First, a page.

PREMO - An ISO standard for a presentation environment for multimedia objects (paper)


The orginal Internet email standards state that the message should be ASCII, no line longer that 1000 characters, and it should not exceed a certain length. As technology has developed this has become restrictive, and a new standard Mime - Multipurpose Internet Mail Extensions - has been developed. This is designed to allow multi-media email between many different systems that use Internet mail standards. Mime message can be of unlimited length, contain multiple objects, contain binary files and allow images, audio, video and multimedia messages to be sent.

A MIME message consists of several parts

  • The MIME-Version header
  • The Content-Type header, which specifies the type of data. This may be
    1. text - the default
    2. image - for still images, defined sub-types are image/gif and image/jpeg
    3. audio
    4. video - defined sub-type video/mpeg
    5. message - to encapsulate a RFC 822 format message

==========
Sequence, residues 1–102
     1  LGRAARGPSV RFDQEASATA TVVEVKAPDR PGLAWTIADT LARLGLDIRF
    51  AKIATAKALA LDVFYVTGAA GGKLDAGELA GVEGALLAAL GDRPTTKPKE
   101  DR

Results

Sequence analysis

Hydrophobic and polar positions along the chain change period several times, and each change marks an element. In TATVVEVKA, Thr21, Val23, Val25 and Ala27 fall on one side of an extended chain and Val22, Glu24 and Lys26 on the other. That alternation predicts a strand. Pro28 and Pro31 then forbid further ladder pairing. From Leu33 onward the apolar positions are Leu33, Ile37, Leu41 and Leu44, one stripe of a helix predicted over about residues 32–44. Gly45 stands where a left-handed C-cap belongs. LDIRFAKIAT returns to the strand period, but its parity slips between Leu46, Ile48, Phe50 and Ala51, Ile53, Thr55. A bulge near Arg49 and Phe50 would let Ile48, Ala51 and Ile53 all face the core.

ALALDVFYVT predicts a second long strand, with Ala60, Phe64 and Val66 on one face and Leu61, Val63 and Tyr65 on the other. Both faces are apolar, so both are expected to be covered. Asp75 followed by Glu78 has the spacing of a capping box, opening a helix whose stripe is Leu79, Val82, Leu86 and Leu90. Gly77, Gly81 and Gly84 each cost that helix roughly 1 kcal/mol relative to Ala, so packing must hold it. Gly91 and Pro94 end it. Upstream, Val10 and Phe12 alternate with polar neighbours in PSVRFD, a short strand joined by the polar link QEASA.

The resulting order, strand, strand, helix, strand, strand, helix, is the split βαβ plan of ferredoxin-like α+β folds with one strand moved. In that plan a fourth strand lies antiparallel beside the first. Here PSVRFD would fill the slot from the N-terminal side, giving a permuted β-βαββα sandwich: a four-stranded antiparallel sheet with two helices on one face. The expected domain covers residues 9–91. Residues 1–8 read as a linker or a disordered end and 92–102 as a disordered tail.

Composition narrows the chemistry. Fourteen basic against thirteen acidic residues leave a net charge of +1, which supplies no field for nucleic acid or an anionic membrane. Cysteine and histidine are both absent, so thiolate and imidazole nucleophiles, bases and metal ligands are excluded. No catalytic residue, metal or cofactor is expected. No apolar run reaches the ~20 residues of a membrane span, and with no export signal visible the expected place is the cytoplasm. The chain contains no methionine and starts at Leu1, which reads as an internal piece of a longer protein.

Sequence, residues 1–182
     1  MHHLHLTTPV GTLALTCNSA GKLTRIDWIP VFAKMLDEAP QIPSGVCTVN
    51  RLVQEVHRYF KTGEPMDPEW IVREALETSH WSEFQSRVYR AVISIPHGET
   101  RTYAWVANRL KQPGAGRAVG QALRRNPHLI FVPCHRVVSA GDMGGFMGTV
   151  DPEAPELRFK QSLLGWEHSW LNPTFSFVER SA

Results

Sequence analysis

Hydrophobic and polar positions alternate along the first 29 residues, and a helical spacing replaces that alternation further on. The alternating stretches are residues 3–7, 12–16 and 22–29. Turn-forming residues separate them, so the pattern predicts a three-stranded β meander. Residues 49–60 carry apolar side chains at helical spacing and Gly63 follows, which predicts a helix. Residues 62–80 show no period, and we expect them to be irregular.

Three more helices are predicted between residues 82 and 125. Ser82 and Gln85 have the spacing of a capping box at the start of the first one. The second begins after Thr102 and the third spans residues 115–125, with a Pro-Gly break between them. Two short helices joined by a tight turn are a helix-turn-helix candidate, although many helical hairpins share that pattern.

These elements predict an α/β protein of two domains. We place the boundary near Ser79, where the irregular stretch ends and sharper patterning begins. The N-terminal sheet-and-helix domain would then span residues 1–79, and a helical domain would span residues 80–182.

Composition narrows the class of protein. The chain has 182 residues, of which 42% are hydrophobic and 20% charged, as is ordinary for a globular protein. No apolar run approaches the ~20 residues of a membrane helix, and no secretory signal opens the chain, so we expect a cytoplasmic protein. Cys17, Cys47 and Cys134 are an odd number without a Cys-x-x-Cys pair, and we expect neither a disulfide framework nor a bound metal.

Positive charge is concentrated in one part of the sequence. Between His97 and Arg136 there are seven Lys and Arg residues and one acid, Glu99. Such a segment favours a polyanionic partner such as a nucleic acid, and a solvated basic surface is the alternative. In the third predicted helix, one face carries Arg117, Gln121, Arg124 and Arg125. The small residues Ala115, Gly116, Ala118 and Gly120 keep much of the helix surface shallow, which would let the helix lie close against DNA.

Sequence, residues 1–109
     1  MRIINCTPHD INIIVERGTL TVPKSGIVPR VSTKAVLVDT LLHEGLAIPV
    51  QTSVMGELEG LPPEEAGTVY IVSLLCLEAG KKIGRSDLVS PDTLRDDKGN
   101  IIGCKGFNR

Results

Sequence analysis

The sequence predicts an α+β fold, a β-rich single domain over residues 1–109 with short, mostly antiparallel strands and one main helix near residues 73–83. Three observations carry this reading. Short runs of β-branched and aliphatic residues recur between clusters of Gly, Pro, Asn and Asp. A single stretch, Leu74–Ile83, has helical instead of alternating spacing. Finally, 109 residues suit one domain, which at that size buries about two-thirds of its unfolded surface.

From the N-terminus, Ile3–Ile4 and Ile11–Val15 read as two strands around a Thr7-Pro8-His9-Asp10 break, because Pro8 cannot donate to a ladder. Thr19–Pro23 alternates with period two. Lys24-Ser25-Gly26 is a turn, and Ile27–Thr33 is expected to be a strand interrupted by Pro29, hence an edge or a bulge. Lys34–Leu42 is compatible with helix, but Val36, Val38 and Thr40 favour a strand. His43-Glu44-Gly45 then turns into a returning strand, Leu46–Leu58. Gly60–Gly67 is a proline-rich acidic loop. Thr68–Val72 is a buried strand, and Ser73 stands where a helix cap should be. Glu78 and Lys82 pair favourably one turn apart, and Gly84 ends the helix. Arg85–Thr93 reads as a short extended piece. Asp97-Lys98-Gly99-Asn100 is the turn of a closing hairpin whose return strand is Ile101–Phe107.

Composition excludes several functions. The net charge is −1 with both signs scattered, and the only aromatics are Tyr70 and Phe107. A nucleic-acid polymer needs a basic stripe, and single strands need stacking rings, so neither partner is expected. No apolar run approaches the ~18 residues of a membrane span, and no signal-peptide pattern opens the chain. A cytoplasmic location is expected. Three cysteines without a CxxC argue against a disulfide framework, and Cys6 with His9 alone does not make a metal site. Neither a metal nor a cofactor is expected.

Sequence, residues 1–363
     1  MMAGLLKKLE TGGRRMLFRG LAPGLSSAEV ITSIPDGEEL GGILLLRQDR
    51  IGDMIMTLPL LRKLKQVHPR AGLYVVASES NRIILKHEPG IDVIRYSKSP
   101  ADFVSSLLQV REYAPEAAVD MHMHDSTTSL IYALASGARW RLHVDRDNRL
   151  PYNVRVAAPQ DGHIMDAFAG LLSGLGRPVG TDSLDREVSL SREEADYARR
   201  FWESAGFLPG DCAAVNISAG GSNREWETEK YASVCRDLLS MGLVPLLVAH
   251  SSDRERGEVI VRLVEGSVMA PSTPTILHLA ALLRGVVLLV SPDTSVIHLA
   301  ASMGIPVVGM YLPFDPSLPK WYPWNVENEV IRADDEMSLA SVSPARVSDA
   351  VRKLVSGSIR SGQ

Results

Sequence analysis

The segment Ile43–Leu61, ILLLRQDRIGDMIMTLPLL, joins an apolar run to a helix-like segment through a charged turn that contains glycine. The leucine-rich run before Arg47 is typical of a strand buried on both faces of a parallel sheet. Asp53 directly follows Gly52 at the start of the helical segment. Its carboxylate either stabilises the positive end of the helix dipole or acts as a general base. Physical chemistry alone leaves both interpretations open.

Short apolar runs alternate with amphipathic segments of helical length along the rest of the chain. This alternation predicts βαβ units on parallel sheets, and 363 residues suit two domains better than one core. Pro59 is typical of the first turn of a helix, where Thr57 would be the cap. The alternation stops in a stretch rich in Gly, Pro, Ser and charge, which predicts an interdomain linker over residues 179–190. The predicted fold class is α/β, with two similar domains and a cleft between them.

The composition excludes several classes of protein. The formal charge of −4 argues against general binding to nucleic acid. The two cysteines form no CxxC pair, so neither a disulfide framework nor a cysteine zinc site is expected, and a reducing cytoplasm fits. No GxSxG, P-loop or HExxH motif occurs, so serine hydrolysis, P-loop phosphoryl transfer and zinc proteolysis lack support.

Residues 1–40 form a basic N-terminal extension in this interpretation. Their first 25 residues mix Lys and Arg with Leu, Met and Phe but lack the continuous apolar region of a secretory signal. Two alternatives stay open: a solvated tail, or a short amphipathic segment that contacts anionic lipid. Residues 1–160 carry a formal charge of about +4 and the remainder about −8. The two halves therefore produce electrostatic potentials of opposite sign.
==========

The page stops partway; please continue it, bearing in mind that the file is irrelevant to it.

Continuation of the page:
6. multipart - allows several different types and subtypes to be put in one message body.
    7. application - used for most other kinds of data.
  • The Content-Transfer-Encoding header, which specifies how the data is encoded
  • Two other header fields that identify and describe the data - Content-ID and Content-Description

New sub-types can be defined, including 'private' subtypes, which begin with 'X-'. While a good system will be able to display image, play auido etc, a MIME implementation does not need to support all types, the minimal requirements are mainly that the users are not shown raw date inappropriately.


QuickTime is a proprietory format from Apple. Originally designed for the Mac, it is now supported on several platforms. It is composed of three elements:
  • the movie file format
  • media abstraction layer
  • media services
The movie format is a container format, which can in fact contain any digital media For more information see Apple's Quicktime pages